Knowledge Elicitation

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Thursday 06 December 2018, 02:00pm - 05:00pm

Location Harrington Building (Room HA129), University of Central Lancashire, Preston

The programme of the seminar is as follows:
2 - 3 pm -- Prof. Jeremy Oakley
3 - 3.20 pm -- Refreshments
3.20 - 4.20 pm -- Prof. Paul Garthwaite
4.20 Examples of knowledge elicitation for UCLan ICONS project and Discussion (Dr. Svetlana Tishkovskaya)

Prof. Jeremy Oakley (School of Mathematics and Statistics, University of Sheffield)
Eliciting probability distributions with SHELF

Eliciting a probability distribution is the process of extracting an expert's (or group of experts') knowledge about some uncertainty quantity of interest, and choosing a suitable distribution to represent the expert's uncertainty. I will describe a general approach for elicitation: the Sheffield Elicitation Framework (SHELF). SHELF is a behavioural aggregation method for eliciting a distribution from a group of experts. The process involves a face-to-face discussion between the experts, managed by a facilitator. Individual opinions from all participants are first recorded, and then a single distribution is chosen following debate and discussion. Particular emphasis is placed on justifying the chosen distribution in relation to available, documented evidence. I will also demonstrate various (freely available) software tools that can be used to support the process.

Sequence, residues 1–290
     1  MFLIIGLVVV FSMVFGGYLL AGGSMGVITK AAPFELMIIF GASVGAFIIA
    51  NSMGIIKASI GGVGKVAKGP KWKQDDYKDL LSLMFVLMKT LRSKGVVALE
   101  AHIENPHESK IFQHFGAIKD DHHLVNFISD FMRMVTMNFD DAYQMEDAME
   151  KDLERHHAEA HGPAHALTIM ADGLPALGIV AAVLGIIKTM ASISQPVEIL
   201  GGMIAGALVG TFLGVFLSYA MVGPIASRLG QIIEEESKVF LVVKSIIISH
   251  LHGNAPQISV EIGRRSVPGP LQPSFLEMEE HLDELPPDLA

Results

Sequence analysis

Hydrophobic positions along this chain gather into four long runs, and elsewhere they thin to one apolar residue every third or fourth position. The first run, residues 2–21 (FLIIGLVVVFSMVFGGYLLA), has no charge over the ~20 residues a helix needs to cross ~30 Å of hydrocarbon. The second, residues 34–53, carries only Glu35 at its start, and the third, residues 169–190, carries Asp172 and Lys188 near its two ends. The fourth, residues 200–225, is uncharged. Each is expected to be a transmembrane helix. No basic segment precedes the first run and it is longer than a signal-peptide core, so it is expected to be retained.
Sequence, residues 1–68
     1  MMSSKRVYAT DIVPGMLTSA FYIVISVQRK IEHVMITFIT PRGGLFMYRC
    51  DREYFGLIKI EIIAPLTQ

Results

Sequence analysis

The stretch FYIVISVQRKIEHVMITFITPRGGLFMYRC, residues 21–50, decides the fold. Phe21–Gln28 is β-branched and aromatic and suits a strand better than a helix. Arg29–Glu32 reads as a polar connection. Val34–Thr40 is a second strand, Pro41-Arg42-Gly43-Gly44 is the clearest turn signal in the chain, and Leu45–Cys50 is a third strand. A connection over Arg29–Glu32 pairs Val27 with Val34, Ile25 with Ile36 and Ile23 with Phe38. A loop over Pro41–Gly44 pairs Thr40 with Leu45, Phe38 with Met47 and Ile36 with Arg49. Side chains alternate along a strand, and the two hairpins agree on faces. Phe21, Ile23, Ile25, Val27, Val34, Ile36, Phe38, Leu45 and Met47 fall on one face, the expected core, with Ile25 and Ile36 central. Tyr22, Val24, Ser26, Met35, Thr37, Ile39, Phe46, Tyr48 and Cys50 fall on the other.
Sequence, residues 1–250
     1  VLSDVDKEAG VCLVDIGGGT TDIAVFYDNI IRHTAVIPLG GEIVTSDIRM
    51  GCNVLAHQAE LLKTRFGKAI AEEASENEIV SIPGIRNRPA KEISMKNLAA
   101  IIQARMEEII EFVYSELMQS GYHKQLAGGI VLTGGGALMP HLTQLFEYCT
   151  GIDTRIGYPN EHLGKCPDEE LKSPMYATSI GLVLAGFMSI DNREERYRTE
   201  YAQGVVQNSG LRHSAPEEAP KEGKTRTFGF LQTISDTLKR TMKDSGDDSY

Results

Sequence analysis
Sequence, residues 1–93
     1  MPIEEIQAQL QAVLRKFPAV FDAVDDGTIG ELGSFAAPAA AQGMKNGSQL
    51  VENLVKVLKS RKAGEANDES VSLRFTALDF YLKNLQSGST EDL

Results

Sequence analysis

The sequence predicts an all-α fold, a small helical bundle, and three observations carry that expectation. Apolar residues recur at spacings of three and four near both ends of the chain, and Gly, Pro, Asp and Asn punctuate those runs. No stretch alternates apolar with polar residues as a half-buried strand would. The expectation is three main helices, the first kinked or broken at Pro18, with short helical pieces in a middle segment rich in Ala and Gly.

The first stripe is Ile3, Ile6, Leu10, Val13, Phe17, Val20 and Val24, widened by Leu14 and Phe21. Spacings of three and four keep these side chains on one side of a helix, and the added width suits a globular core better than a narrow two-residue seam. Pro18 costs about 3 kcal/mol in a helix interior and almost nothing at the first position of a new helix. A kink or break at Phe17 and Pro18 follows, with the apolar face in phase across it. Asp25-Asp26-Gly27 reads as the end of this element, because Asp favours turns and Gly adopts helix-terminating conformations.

Prof. Paul Garthwaite (Department of Mathematics and Statistics, Open University)
Quantifying expert opinion about some sampling models that include covariates

This talk will describe some elicitation methods for quantifying expert opinion in the contexts of regression, categorical data and generalized linear models. The methods all use interactive graphics to elicit assessments from the expert and are implemented in (free) software. The aim is to ask the expert to perform meaningful tasks and convert the expert’s assessments into a probability distribution that gives a useful representation of his or her opinions. Examples where methods have been used will be given. One example concerns a treatment pathway model that was developed to examine the costs and benefits of the current bowel cancer service in England and to evaluate potential alternatives in service provision. To use the pathway model, various parameters and probability distributions had to be specified. They could not all be determined from empirical evidence and, instead, expert opinion was elicited in the form of probability distributions that gave the required information.


Organiser Name Dr. Svetlana Tishkovskaya

Email Address This email address is being protected from spambots. You need JavaScript enabled to view it.

Organising Group(s) Royal Statistical Society Local Group for Lancashire and East Cumbria





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